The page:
Agree with a */** /***, quite pleasant . Bit ‘off ‘today following flue Jab so stayed away from work,Plenty of time on my hands so did the ‘toughie’ for a change, today’s had a recurrent theme ,which made it easier-waiting for the blog to see how easy it was !

  19. Catherine
    Posted October 30, 2012 at 2:03 pm | Permalink

    Enjoyed the puzzle but the same thing happened to me as happened yesterday – went merrily along and then came to a screeching halt! Don’t know if it was my brain or the puzzles. In the end I finished it but had to work at it. Did anyone else find there are 2 levels of clues in the puzzle? Or perhaps that’s deliberate by the setter to get us going. There were only 2 anagrams I think and they serve a similar purpose.
    Thanks to Gazza – especially for explaining 7d. I could not see the wordplay. I wanted to put “mop” for “mass of hair” and the word for family is also in the second part of the answer!
    Thanks to setter also

    • mary
      Posted October 30, 2012 at 4:30 pm | Permalink

      I’m with you Catherine I found half the puzzle easy but struggled with the rest

      • Catherine
        Posted October 30, 2012 at 4:39 pm | Permalink

        I think it’s to suck us in Mary! Then we have to try and finish it.

      • Catherine
        Posted October 30, 2012 at 4:41 pm | Permalink

        I think it’s to draw us in Mary! Then we have to try and finish it.

      • Catherine
        Posted October 30, 2012 at 4:43 pm | Permalink

        I think it’s to draw us in Mary! Then we feel we have to finish it!

  20. Steve_the_beard
    Posted October 30, 2012 at 2:06 pm | Permalink

    I can’t say that I found this as easy as you did, Gazza – the last five took as long as the rest put together.

    Last one in was 18D, I wasn’t thinking of racing at all. 8A was also a challenge, because I was distracted thinking about basques… Still, at least your picture for 2D felt like a reward after that :-)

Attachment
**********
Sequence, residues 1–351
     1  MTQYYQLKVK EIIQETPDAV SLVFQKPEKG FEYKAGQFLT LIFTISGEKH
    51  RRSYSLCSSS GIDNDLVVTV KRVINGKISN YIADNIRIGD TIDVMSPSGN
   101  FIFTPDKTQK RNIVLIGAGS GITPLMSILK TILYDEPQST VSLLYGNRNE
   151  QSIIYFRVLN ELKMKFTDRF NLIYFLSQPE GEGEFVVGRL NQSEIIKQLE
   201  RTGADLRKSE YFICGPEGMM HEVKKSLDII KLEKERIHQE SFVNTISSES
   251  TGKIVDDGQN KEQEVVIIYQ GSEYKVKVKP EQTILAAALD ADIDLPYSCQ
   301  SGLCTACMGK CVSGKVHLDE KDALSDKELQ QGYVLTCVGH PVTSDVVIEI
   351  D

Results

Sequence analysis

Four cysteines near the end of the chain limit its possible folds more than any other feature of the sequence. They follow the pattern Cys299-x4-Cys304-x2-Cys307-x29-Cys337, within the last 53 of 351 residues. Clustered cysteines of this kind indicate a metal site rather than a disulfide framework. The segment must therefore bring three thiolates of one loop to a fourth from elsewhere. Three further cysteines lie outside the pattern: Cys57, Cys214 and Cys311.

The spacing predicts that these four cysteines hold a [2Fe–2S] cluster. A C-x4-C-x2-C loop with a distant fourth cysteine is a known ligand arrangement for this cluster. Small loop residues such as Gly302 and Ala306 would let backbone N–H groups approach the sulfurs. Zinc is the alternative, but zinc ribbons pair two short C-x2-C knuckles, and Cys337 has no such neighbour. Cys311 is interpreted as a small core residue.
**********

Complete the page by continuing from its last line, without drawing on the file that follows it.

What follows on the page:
21. Miffipops
    Posted October 30, 2012 at 2:38 pm | Permalink

    All over far too quickly for me which means I can get on with more important things.

    • gazza
      Posted October 30, 2012 at 2:41 pm | Permalink

      Hi Miffipops – welcome to the blog.

      • Miffipops
        Posted October 31, 2012 at 1:45 am | Permalink

        Thanks for the welcome I have lurked a bit. Usually finish without help. Only when I am desperate do I peep.

  22. Tim C
    Posted October 30, 2012 at 4:18 pm | Permalink

    Solved top left, top right, bottom right…..then go stuck. To me the south west corner was a real tough area. Great fun though. Thanks to all concerned.

  23. Michael Frank Lewery
    Posted October 30, 2012 at 4:31 pm | Permalink

    Still kicking myself for not getting 13a, but I’ve never heard the expression used to mean united.

  24. Heno
    Posted October 30, 2012 at 4:45 pm | Permalink

    Thanks to the setter & to Gazza for the review & hints. Enjoyed it up to a point but it the 4 colour related clues all appeared in a puzzle last month. It was 2*/2* for me. First in was 1a, last in was 24a. Favourites were 16a & 22d whose phone system was installed by yours truly in the 70’s. Great weather earlier in Central London had a nice 10K run. I hope all our American bloggers are safe.

  25. Hrothgar
    Posted October 30, 2012 at 5:27 pm | Permalink

    Wrong envelope, again.